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In this opinion piece, Game Developer magazine EIC Brandon Sheffield considers the "quite intimidating" barriers to immersion with the increasingly ubiquitous first-person perspective in video games.

Brandon Sheffield, Contributor

September 3, 2009

6 Min Read

[In this opinion piece -- originally printed in the August 2009 issue of Game Developer magazine in shorter form -- editor-in-chief Brandon Sheffield considers the barriers to immersion of the increasingly ubiquitous first-person perspective in video games.] Talking with our previous magazine art director recently, I recalled something I’d forgotten: First-person games can be quite intimidating. We tend to accept first-person as a de facto viewpoint for several popular genres today, and it also saves developers from having to develop a camera system independent of the player’s control. But it is rather daunting, and has a high learning curve for those who haven’t already experienced many first-person games. The art director in question is a more casual player, and to her, first-person games seem disorienting and conceptually difficult. Talking about this reminded me of my first FPS experience, Wolfenstein 3D for the Atari Jaguar. Not having been able to afford a computer growing up, this was my first interaction (in perhaps '97 or '98) with a proper FPS. I tried playing the game for about an hour, and came away dizzy and unable to read, because my eyes were jumping around on the page. This experience had me pretty convinced that first-person games weren’t for me, all the way until Halo 2 hit and someone convinced me to give it another shot. Perhaps that’s not a good thing for an editor of Game Developer to admit, but it’s true. I have since learned the power of the first-person viewpoint in terms of what you can show on screen, and the interactions that become possible. But I spoke with my fellow editors, and several had recollections of difficulty penetrating that first-person wall. The reason for that is likely that we are used to seeing games and movies play out before us in a third-person view. Having an avatar gives us a strong frame of reference, and allows us to better navigate the world. If I see a little running guy, and I try to make him jump, I can gauge that distance. If I have to jump in first-person mode, where are my feet? Are they below the camera directly? How far can I jump, when everything feels like it’s based on my perspective? If I look up a bit, the platform in front of me looks different than it did before. A 14-year-old boy will take the time to figure this out, and will wind up having an excellent experience. An older or more casual user will likely be much more daunted, and less inclined to even pick up such a title. The Immersion Question Are first-person games inherently more immersive? A lot of developers seem to presume that they are, but let’s take a second look. Consider the last time you felt like you actually were the character in a game you played. I’d be willing to guess that most people will say “never.” We don’t generally take on the role of the character we’re playing, except as children in imaginary play. What most of us do is identify with the character -- and how can you identify with a character you can’t see, a character who usually doesn’t even talk or have any opinions about the horrible things going on around him? This goes back to the “silent hero” dilemma that has existed ever since role-playing made its way into the electronic world, notoriously perpetuated by the Japanese console RPG. Almost all first-person games have this sort of silent character, one whose only interaction with others is usually taking orders until they turn their backs, and then just shooting and collecting things. That doesn’t seem inherently immersive to me. It can be, but it isn’t necessarily, as is often assumed. Western RPGs like Fallout 3 (or earlier games like Ultima IV) do a somewhat better job by at least allowing the player to make some dialog choices -- but still, the character isn’t you. What makes a game immersive or otherwise is not the viewpoint, of course; it’s the situations, external characters, and tasks that get you involved. One of the characters I’ve identified most with is the boy from Ico, and he doesn’t even speak a real language. The oppressive environments and his seeming innocence simply made him a sympathetic character. It’s difficult to empathize or identify with a camera or floating gun. I can empathize with De Niro’s character in Once Upon a Time in America, even though I don’t agree with what he does, simply because his world is so well-realized, and I can see how he reacts to events. In first-person games, there is no reaction on the part of the character, and it becomes difficult to feel anything about him or her. First-person games are incredibly important to the industry, and have moved many genres forward in significant ways. The viewpoint is doubtless here to stay, and I want to emphasize that I am actually a fan of the concept. But I do think it’s worth taking a step back. I feel that as an industry we’ve come to our own conclusion that first-person games are inherently intuitive and more immersive, simply by virtue of their camera position, and in spite of the problems they bring up. I would submit that just because we’ve gotten used to this style of game doesn’t mean everyone has. It’s important to realize that making a first-person game almost necessarily means making a game for the dedicated gamer. Break Down the Wall Innovations on the interface side could help lower the casual block, perhaps through the Wii, Project Natal, or the PS3’s new motion controller. Regardless, it will take a lot of work and concerted effort to penetrate the casual audience with a first-person camera. The question is whether we even need to, when there are so many camera systems that games have yet to fully explore. After this editorial went up in the magazine, a couple people mailed me to say that they feel I have too closely tied character identification with immersion, and that’s not my intention. That’s just an example, coupled with the control barrier, that bars the first person viewpoint from being inherently more immersive. Third person cameras that get caught in walls and show a complete lack of knowledge of cinematography can be just as confusing. But I do feel that there is a thinking among many developers that if a game is first-person, the player will automatically feel as though they are in the game themselves. I submit that there is a lot of work to be done before that is true.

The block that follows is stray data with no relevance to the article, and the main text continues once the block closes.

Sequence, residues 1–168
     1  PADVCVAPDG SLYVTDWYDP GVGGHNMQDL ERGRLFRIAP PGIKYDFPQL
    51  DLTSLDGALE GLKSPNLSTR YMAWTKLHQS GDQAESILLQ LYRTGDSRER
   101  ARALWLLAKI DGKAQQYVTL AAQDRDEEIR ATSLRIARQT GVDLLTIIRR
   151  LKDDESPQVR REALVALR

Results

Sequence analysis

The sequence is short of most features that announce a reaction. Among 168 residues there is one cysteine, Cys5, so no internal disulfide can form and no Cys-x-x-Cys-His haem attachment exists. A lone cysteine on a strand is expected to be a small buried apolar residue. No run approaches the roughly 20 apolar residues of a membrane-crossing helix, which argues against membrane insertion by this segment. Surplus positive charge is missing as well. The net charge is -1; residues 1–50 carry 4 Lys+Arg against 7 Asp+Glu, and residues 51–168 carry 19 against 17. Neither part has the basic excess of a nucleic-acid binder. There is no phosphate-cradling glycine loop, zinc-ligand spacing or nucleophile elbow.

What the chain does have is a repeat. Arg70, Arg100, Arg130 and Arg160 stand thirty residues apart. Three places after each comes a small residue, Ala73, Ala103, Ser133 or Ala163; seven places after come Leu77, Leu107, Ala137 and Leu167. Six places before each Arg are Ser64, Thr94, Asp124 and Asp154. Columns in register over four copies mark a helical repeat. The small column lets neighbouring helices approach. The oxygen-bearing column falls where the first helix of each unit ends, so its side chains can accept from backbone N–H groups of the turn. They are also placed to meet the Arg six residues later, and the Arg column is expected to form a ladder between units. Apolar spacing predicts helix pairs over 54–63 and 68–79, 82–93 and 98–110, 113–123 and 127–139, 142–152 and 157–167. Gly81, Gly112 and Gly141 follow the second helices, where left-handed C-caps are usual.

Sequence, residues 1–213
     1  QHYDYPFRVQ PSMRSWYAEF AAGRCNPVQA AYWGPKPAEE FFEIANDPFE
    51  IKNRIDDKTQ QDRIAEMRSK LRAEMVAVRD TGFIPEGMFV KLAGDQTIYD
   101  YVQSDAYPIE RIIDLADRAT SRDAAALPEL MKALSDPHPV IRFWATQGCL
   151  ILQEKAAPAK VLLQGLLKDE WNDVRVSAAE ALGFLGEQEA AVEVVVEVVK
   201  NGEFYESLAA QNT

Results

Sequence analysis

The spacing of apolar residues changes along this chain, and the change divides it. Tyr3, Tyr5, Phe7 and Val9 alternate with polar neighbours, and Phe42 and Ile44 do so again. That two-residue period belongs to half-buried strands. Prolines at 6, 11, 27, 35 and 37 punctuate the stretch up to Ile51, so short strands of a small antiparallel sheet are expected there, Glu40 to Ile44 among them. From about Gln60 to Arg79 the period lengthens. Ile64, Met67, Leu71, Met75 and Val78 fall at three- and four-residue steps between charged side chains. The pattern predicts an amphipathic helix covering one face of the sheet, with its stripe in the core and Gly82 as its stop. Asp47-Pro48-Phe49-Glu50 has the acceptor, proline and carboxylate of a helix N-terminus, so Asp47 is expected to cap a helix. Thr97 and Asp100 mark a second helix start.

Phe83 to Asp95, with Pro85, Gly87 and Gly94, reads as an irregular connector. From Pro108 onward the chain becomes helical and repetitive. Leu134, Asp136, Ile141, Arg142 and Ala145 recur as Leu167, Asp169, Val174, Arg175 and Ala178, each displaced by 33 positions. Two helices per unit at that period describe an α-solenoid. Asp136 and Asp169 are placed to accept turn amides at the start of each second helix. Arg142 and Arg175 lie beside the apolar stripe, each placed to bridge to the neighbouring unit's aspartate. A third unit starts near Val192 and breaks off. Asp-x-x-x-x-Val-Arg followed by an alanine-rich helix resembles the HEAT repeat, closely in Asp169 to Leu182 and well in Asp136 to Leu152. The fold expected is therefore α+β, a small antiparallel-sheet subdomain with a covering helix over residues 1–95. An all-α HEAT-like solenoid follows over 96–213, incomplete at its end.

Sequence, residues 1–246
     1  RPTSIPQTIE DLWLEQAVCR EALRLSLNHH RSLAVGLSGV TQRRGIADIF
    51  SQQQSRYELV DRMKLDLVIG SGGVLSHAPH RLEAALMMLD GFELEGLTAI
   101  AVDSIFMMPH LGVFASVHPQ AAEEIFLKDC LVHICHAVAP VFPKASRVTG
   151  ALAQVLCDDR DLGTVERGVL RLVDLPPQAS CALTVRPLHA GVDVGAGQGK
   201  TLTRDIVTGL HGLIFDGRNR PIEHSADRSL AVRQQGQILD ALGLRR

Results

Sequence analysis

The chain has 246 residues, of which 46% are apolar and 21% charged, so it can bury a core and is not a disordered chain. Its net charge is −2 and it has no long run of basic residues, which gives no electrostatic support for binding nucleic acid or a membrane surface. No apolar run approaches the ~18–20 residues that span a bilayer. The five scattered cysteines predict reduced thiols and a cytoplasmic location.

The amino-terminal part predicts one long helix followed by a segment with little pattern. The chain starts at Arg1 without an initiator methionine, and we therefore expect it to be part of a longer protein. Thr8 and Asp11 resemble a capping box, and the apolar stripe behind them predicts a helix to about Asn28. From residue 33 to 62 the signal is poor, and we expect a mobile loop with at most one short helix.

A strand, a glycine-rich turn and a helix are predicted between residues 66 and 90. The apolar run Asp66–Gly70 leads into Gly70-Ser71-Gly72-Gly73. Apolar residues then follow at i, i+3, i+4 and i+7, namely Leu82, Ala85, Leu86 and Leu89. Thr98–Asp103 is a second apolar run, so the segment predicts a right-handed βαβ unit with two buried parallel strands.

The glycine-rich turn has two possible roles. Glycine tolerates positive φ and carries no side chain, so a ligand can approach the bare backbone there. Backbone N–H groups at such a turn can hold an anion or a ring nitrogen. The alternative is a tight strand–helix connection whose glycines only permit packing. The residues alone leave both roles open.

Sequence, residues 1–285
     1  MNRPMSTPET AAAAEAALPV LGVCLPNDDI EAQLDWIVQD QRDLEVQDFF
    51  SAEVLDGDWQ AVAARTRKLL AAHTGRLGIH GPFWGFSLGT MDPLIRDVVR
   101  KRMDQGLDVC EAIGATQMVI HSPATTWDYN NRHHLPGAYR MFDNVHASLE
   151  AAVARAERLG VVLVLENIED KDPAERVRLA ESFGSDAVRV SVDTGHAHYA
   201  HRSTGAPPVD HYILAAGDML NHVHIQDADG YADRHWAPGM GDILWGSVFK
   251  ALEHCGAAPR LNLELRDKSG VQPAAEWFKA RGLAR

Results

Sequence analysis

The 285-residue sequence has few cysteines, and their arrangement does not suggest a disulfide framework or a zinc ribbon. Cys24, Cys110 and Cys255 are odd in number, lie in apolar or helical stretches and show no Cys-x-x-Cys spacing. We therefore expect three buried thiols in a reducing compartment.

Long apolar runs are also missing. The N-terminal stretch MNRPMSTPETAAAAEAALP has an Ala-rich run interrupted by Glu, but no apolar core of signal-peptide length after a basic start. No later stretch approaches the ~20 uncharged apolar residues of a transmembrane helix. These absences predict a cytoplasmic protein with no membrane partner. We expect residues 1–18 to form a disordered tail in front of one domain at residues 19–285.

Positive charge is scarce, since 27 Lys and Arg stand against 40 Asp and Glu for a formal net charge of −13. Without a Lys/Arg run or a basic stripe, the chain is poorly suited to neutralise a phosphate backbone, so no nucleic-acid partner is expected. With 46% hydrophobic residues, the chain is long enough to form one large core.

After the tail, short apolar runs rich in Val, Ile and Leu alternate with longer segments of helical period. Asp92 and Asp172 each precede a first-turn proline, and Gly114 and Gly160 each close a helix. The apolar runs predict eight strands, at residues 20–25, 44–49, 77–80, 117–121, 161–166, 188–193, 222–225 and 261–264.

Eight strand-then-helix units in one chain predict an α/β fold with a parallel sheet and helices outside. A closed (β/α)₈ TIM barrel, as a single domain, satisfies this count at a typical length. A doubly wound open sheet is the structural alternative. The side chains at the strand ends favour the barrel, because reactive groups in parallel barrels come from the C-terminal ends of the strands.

About the Author(s)

Brandon Sheffield


Brandon Sheffield is creative director of Necrosoft Games, former editor of Game Developer magazine and gamasutra.com, and advisor for GDC, DICE, and other conferences. He frequently participates in game charity bundles and events.